“The results were quite surprising,” said Sassone-Corsi, Donald Bren Professor of Biological Chemistry. “No one realized that the liver or skin could be so directly affected by light.” For example, despite the shutdown of all other body clocks, including the central brain clock, the liver knew what time it was, responded to light changes as day shifted to night and maintained critical functions, such as preparing to digest food at mealtime and converting glucose to energy. Somehow, the liver’s circadian clock was able to detect light, presumably via signals from other organs. Only when the mice were subjected to constant darkness did the liver’s clockRead More →

In short, rash was directly associated with concentrations of ozone and inhalable, fine particulate matter less than 2.5 mcm in diameter (PM 2.5). Joint flares were associated with PM 2.5, ozone, resultant wind, and humidity. Renal flares were inversely associated with temperature, and directly associated with wind and humidity. Pulmonary flares and serositis were associated with PM 2.5, and both hematologic and neurologic flares with wind and temperature. Source: Atmospheric fluctuations tied to lupus flares | MDedge Rheumatology Recommend on Facebook Tweet about it

Paroxetine, also known by the trade names Aropax, Paxil, Pexeva, Seroxat, Sereupin and Brisdelle, was first marketed in the U.S. in 1992. Effective for major depression and various anxiety disorders, it quickly gained a sizable share of the antidepressant prescription market. By the late 1990s, paroxetine frequently was being associated with serious drug interactions and medication side effects. Most significantly, in a major Canadian epidemiological study examining the relationship between antidepressants and diseases, paroxetine was associated with a 620 percent increase in the rate of breast cancer in women who had taken it over a four-year period. Though re-analyses of this investigation discounted the magnitudeRead More →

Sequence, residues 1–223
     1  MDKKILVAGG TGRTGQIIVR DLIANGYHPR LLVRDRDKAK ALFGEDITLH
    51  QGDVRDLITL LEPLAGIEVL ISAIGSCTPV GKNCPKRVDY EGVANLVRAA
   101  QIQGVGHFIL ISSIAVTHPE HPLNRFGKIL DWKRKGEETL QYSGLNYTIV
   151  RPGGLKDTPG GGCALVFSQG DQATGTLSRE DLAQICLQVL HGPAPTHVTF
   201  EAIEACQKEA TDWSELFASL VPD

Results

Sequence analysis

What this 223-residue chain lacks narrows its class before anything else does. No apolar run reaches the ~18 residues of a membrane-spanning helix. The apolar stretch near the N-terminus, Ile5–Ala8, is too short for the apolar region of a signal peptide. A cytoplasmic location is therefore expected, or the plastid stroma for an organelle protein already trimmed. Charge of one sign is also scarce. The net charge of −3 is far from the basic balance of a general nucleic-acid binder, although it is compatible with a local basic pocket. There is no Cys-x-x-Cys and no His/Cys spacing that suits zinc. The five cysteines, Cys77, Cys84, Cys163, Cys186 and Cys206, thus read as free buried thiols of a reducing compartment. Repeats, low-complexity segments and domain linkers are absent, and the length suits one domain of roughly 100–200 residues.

The team now hypothesizes that under broad-spectrum daylight conditions, these genes would be subsequently deactivated by wavelengths from a different part of the spectrum — but these additional wavelengths may be absent in fluorescent lighting. The skin and brain of the three animals, as well as the liver of both fish models all exhibit, increased inflammation and immune responses; however, the mouse liver suppressed this reaction. Overall, the conserved nature of the genetic responses observed, among fishes and a mammal, suggest the presence of light responsive genetic circuitry that is deeply embedded in the vertebrate genome. Source: Study links fluorescent lighting to inflammation and immuneRead More →

Neuroscientist Sara Lazar found that people who practiced meditation had more gray matter in the part of the brain linked to decision-making and working memory: the frontal cortex. While most people see their cortexes shrink as they age, 50-year-old meditators in the study had the same amount of gray matter as those half their age. Participants in the study averaged about 27 minutes of the habit a day, but other studies suggest that you can see significant positive changes in just 15 minutes a day. Source: 50-year-olds can have the brains of 25-year-olds if they sit quietly and do nothing – Business Insider Recommend onRead More →